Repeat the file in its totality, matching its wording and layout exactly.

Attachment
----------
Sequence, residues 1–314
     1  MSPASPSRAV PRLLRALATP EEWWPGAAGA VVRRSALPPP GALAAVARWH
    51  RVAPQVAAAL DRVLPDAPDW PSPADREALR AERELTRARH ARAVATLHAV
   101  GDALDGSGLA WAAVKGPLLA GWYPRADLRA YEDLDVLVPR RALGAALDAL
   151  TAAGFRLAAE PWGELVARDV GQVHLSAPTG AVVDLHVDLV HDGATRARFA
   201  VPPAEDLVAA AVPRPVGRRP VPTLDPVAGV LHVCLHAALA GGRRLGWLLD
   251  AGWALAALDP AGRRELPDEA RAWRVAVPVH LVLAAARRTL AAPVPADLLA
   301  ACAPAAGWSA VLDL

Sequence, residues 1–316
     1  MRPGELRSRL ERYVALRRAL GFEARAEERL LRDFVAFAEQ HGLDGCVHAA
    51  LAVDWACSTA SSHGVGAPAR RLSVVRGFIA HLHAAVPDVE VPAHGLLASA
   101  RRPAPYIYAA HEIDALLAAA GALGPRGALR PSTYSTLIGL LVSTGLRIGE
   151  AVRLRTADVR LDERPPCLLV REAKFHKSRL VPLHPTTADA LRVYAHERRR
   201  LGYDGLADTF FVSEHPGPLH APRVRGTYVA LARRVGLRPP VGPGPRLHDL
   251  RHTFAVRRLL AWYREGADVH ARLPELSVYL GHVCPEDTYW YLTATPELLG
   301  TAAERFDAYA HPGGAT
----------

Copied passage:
Sequence, residues 1–314
     1  MSPASPSRAV PRLLRALATP EEWWPGAAGA VVRRSALPPP GALAAVARWH
    51  RVAPQVAAAL DRVLPDAPDW PSPADREALR AERELTRARH ARAVATLHAV
   101  GDALDGSGLA WAAVKGPLLA GWYPRADLRA YEDLDVLVPR RALGAALDAL
   151  TAAGFRLAAE PWGELVARDV GQVHLSAPTG AVVDLHVDLV HDGATRARFA
   201  VPPAEDLVAA AVPRPVGRRP VPTLDPVAGV LHVCLHAALA GGRRLGWLLD
   251  AGWALAALDP AGRRELPDEA RAWRVAVPVH LVLAAARRTL AAPVPADLLA
   301  ACAPAAGWSA VLDL

Sequence, residues 1–316
     1  MRPGELRSRL ERYVALRRAL GFEARAEERL LRDFVAFAEQ HGLDGCVHAA
    51  LAVDWACSTA SSHGVGAPAR RLSVVRGFIA HLHAAVPDVE VPAHGLLASA
   101  RRPAPYIYAA HEIDALLAAA GALGPRGALR PSTYSTLIGL LVSTGLRIGE
   151  AVRLRTADVR LDERPPCLLV REAKFHKSRL VPLHPTTADA LRVYAHERRR
   201  LGYDGLADTF FVSEHPGPLH APRVRGTYVA LARRVGLRPP VGPGPRLHDL
   251  RHTFAVRRLL AWYREGADVH ARLPELSVYL GHVCPEDTYW YLTATPELLG
   301  TAAERFDAYA HPGGAT